Manage any negatives in private: Your less than perfectly happy guests will respond in private, and you will be able to address whatever issues they raise (again, in private), leaving them reassured, very unlikely to post anything negative on a public site and much more likely to stay again.

Get great reviews to TripAdvisor (or Google): we will then be able to invite them to post their reviews to TripAdvisor (or anywhere else that matters), secure in the knowledge that just about everything they write will be helpful.

Further reading

Here is a selection of relevant articles (from amongst the 200-odd we've published in the last five years):

Results: Hosting reviews on your own website will increase direct bookings and dramatically reduce bounce to TripAdvisor and the other OTAs.
TripAdvisor: The simplest aspect of Dialogue: any hotel, in any location will get more great reviews and far less (at least 75% less, possibly nil) negative reviews. The impact of this on your rankings and scores will be immediate and sustained.
Google: It is a mistake to ignore Google, they are the 'gatekeeper' for anyone searching for a room, and their reviews are set to become more influential by the day.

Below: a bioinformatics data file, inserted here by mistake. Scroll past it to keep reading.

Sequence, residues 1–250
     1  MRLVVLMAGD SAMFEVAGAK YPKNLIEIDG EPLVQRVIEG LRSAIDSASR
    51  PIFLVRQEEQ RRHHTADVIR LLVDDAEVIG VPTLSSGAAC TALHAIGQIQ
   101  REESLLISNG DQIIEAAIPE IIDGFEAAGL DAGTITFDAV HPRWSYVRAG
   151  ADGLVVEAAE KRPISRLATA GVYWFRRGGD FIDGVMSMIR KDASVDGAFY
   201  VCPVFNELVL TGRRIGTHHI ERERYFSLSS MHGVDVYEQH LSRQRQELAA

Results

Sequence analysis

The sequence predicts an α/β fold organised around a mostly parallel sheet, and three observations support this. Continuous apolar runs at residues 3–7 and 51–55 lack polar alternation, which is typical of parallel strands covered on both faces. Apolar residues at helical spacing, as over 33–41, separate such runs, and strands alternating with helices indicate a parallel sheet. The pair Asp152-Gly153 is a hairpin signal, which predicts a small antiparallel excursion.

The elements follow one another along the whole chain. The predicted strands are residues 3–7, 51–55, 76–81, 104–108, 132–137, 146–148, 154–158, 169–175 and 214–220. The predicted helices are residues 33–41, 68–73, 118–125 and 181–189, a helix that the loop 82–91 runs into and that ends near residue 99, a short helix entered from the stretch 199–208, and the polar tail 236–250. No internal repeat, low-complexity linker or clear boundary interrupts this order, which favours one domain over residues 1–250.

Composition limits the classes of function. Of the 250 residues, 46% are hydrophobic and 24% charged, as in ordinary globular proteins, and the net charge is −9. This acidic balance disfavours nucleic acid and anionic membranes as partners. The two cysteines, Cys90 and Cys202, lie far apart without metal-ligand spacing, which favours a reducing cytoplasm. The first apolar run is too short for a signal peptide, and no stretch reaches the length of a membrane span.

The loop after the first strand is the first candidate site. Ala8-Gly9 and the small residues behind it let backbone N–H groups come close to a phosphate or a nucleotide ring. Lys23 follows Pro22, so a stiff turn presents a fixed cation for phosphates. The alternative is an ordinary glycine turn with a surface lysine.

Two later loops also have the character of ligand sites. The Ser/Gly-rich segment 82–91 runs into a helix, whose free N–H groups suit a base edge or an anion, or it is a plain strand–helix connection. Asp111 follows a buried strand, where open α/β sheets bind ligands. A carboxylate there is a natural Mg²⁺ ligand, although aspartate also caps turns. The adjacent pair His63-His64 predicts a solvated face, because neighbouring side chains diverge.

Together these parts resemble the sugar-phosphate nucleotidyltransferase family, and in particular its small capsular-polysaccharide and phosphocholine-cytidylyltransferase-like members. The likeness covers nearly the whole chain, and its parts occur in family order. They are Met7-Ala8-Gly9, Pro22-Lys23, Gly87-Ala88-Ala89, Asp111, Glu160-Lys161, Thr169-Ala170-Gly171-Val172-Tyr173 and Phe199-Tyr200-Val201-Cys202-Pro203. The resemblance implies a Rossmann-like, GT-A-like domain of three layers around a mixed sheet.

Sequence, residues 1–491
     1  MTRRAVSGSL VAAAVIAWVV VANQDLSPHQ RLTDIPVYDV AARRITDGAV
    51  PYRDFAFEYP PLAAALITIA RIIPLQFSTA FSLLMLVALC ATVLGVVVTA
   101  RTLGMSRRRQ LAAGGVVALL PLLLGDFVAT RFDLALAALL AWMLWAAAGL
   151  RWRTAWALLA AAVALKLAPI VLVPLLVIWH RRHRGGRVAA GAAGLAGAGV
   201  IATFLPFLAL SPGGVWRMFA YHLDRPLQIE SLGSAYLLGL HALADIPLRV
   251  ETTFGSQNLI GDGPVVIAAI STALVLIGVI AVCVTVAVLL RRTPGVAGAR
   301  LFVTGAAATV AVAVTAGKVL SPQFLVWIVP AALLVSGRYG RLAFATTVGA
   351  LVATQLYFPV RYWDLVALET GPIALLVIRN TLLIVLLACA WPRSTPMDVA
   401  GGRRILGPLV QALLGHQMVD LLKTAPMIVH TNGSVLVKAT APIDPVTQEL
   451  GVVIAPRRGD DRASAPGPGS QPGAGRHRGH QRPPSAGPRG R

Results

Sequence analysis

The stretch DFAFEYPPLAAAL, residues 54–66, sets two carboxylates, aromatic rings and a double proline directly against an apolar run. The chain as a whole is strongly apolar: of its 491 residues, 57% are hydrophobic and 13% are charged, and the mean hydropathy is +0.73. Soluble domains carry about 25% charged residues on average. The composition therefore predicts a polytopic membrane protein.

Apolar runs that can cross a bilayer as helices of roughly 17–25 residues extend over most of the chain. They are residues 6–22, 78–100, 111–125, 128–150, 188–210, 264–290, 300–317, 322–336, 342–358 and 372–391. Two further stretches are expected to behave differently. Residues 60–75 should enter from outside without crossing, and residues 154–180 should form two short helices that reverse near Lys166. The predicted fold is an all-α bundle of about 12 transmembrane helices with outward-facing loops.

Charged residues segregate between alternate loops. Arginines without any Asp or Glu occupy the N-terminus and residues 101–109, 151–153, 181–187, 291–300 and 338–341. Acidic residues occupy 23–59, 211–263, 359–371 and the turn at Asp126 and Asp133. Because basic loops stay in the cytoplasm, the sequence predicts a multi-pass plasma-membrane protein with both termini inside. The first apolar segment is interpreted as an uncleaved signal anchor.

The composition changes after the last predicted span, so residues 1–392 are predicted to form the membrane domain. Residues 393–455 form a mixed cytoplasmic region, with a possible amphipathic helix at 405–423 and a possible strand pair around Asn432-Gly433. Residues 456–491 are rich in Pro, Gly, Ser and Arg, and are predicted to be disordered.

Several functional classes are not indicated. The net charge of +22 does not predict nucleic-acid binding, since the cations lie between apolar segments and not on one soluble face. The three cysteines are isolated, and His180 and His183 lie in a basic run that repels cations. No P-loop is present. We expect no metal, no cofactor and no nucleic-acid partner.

And finally:  

Tuesday, 10 March 2015

Winkworth go live with Dialogue

We are delighted to announce that Winkworth have chosen HelpHound as their dedicated review managers. Over the coming weeks you will see more and more modules appearing on their office microsites:

To see a live example go here

Over the past months we have worked very closely with Winkworth at both franchisor and office levels to ensure that Dialogue works both functionally and visually exactly as they wanted. 

This is just the start of what we are sure will be a very successful (and profitable) exercise for their offices, enabling them to promote their strengths and expertise through the voices of those best placed to comment: their clients.

Monday, 2 March 2015

You Must Score 4

Far too many businesses are running a massive risk with their reputations by ignoring Google. Here we look into the issues raised by Google scores and our suggested solutions.

We should say straight away that we are fully aware why businesses are adopting this 'denial': it is because they are rightly fearful of unwittingly inviting harmful negative reviews. With Dialogue that 'fear' is taken away, so we can now relax and look at the implications of scoring less than 4.0 on Google. 

But before we do that, look at your business's G+ page and see how many people would have seen your reviews - assuming, of course, that you have any:

The number circled shows how many times the information contained in the business's G+ ('Google My Business') listing has been seen in search. Look at yours and then ask yourself 'Wouldn't it have been great if all those people had seen great reviews of our business?' and, if you already have a negative review, do you want that number of people seeing it?

Scoring 4 (strictly: Scoring 4.0 or higher)